Senate Majority Leader Mitch McConnellAddison (Mitch) Mitchell McConnell'Justice for J6' rally puts GOP in awkward spot Republicans keep distance from 'Justice for J6' rally House to act on debt ceiling next week MORE (R-Ky) said there's little lawmakers can do to overturn a Supreme Court ruling allowing same-sex marriages in every state, suggesting any further action will rest largely with the courts. 
"I don't think so. I think the courts have pretty well spoken. We'll be taking a look at whether or not religious liberty needs to be enhanced by statue," the Republican leader told WDRB, a local Kentucky TV station, on Tuesday evening, when asked if there was anything Congress could do to reverse the court's decision.
McConnell added, "What I worry about at this point is the potential problems with regard to religious liberty. … There's a possibility of legislation, but I think most of this is going to be in the courts."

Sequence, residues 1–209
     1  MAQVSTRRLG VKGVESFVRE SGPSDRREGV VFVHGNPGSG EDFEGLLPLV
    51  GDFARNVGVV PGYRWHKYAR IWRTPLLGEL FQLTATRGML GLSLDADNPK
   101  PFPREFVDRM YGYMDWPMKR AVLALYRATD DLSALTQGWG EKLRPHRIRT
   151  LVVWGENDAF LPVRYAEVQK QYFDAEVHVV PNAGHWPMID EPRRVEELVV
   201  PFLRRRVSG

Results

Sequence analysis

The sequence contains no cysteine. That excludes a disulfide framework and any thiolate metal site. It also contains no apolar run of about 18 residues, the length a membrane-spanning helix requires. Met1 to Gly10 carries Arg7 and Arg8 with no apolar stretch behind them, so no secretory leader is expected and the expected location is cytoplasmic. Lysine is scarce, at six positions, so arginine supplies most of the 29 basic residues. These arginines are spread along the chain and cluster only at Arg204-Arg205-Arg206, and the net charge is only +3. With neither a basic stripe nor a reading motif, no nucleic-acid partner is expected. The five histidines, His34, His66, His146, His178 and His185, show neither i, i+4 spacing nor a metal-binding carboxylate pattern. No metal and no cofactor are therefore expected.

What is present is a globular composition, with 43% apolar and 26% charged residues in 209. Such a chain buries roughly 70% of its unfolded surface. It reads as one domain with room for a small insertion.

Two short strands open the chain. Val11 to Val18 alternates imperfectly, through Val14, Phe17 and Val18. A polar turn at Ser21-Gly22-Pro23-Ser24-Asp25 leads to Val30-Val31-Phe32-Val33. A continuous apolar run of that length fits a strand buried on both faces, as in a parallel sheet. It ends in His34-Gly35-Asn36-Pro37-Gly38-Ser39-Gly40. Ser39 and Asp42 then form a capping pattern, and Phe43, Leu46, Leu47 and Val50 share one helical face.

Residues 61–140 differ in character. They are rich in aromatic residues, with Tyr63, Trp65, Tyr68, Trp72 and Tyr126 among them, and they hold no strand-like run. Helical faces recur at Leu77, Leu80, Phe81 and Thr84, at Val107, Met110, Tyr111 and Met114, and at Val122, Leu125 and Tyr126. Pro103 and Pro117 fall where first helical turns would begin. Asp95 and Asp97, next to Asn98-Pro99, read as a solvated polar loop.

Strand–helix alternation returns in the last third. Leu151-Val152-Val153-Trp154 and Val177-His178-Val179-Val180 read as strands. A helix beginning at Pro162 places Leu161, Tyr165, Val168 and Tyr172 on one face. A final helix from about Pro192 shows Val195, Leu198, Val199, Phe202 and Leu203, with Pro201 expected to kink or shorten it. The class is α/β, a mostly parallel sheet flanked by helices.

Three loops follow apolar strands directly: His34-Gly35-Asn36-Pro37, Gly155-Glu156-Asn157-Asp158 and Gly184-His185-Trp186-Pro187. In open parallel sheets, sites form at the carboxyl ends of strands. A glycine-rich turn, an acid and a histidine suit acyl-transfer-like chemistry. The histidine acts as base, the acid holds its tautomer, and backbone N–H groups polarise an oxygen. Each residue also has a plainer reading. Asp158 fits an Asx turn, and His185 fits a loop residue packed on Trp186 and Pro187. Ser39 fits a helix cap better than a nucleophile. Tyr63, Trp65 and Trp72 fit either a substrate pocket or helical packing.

His comments come in the wake of the Supreme Court's ruling that legalized same-sex marriage in all 50 states. 
McConnell's Republican colleagues quickly vowed to try to protect religious freedom in light of last week's decision. 
Sen. Mike LeeMichael (Mike) Shumway LeeEconomy adds just 235K jobs in August as delta hammers growth Lawmakers flooded with calls for help on Afghanistan exit Afghanistan fiasco proves we didn't leave soon enough MORE (R-Utah) vowed to get his legislation, the First Amendment Defense Act, passed. The Utah Republican said the bill would "prevent the federal government from discriminating against anyone who believes that marriage is a union between one man and one woman."  
But McConnell shot down his effort, saying it wouldn't make it through Congress.
"It isn't going to pass. It's one thing to talk about a constitutional amendment," he said. "We've only done that 27 times in the history of our country. It's not going to pass." 
McConnell and Cruz were part of a group of six senators who signed on to an amicus brief calling on the court to protect state bans on same-sex marriage. 
"I've always felt that marriage was between one man and one woman," he said Tuesday night. "The Supreme Court has held otherwise, that's the law of the land."